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Late Preterm Births Increased 20 Percent Since 1990

Data indicates more late preterm births occurring with induced labor and cesarean delivery

THURSDAY, Nov. 19 (HealthDay News) -- The number of infants born "late preterm," or between 34 and 36 weeks of pregnancy, rose by 20 percent in the United States between 1990 and 2006, according to the November issue of the U.S. Centers for Disease Control and Prevention's National Center for Health Statistics Data Brief.

Joyce A. Martin, of the National Center for Health Statistics in Hyattsville, Md., and colleagues analyzed data from the Natality Data File from the National Vital Statistics System, which includes information for all births occurring in the United States.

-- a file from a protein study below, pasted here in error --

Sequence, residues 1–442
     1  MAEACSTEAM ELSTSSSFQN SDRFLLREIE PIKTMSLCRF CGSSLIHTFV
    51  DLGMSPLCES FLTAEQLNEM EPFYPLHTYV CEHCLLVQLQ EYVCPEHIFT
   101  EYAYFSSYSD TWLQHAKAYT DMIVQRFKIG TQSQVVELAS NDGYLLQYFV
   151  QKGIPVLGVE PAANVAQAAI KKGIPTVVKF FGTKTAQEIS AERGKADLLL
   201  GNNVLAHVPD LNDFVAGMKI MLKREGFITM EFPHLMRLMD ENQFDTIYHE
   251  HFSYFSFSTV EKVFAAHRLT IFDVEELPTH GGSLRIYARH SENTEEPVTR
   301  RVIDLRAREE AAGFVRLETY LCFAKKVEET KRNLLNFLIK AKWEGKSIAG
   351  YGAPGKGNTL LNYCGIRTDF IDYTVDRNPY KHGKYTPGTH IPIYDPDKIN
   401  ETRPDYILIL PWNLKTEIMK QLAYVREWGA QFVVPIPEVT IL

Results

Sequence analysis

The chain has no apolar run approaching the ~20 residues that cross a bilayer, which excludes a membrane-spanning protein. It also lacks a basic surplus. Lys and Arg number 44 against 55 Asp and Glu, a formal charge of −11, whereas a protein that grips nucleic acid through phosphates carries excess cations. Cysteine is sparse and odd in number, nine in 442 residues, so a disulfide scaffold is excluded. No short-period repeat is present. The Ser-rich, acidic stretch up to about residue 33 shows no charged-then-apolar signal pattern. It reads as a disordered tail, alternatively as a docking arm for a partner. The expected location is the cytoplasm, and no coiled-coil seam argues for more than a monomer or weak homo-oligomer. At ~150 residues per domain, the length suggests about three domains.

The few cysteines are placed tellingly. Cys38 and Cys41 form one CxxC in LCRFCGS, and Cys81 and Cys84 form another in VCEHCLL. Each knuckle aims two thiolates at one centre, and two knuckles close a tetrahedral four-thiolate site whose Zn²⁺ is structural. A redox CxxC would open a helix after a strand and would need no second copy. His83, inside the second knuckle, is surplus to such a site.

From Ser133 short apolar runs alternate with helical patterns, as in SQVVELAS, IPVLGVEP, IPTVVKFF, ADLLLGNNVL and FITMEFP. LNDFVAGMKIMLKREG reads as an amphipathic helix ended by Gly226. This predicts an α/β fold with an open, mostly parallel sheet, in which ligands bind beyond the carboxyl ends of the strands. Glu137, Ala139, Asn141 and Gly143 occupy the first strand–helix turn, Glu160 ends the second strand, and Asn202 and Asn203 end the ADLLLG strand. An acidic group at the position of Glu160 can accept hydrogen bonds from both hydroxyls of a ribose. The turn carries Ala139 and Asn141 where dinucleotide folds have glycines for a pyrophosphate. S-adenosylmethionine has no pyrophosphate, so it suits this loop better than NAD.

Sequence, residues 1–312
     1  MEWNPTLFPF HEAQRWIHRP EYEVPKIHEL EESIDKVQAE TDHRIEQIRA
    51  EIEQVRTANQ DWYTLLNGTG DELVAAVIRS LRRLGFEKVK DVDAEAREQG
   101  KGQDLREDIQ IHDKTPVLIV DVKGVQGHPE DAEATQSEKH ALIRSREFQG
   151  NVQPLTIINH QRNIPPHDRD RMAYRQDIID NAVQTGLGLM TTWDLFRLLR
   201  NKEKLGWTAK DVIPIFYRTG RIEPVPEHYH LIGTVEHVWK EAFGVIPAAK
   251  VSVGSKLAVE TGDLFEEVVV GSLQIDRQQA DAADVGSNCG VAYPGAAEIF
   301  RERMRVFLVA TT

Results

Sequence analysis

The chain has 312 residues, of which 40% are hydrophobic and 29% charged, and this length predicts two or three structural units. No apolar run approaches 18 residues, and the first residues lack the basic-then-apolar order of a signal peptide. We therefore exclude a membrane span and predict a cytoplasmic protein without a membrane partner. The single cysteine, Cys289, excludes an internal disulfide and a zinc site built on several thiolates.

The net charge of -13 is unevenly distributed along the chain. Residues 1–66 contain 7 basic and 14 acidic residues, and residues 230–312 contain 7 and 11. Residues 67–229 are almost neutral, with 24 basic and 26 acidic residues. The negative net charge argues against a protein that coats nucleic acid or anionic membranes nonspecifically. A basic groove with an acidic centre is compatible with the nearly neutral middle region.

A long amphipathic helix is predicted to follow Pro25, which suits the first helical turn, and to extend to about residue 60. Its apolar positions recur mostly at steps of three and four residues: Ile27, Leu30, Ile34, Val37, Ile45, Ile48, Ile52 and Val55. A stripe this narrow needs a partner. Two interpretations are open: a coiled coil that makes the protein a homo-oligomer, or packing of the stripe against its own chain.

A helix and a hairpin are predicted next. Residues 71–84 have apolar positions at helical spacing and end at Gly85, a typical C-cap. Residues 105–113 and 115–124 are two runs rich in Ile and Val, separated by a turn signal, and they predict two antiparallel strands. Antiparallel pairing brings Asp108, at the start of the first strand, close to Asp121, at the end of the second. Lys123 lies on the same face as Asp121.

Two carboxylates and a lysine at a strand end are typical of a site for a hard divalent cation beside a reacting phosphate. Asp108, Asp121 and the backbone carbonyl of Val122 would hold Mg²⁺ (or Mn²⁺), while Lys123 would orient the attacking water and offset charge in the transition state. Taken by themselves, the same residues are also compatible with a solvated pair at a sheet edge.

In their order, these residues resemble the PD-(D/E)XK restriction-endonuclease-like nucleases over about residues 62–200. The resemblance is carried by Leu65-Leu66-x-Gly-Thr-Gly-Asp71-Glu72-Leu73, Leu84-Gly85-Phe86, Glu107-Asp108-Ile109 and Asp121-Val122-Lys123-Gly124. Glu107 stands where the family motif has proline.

The researchers found that the rate of late preterm births increased 20 percent from 1990 to 2006, from 6.8 to 8.1 percent of births. The increases occurred among mothers of all ages, among non-Hispanic white and Hispanic mothers, and in all states (but not the District of Columbia). The percentage of late preterm births in which labor was induced increased from 7.5 to 17.3 percent, and the percentage of late preterm births where delivery occurred by cesarean section increased from 23.5 to 34.3 percent.

"The number and rate of babies born just one to three weeks short of 'term' has risen substantially in recent years," Martin and colleagues conclude. "The rise in late preterm births is important because these infants are developmentally and physiologically immature and suffer more health complications and have higher death rates than infants born at term."

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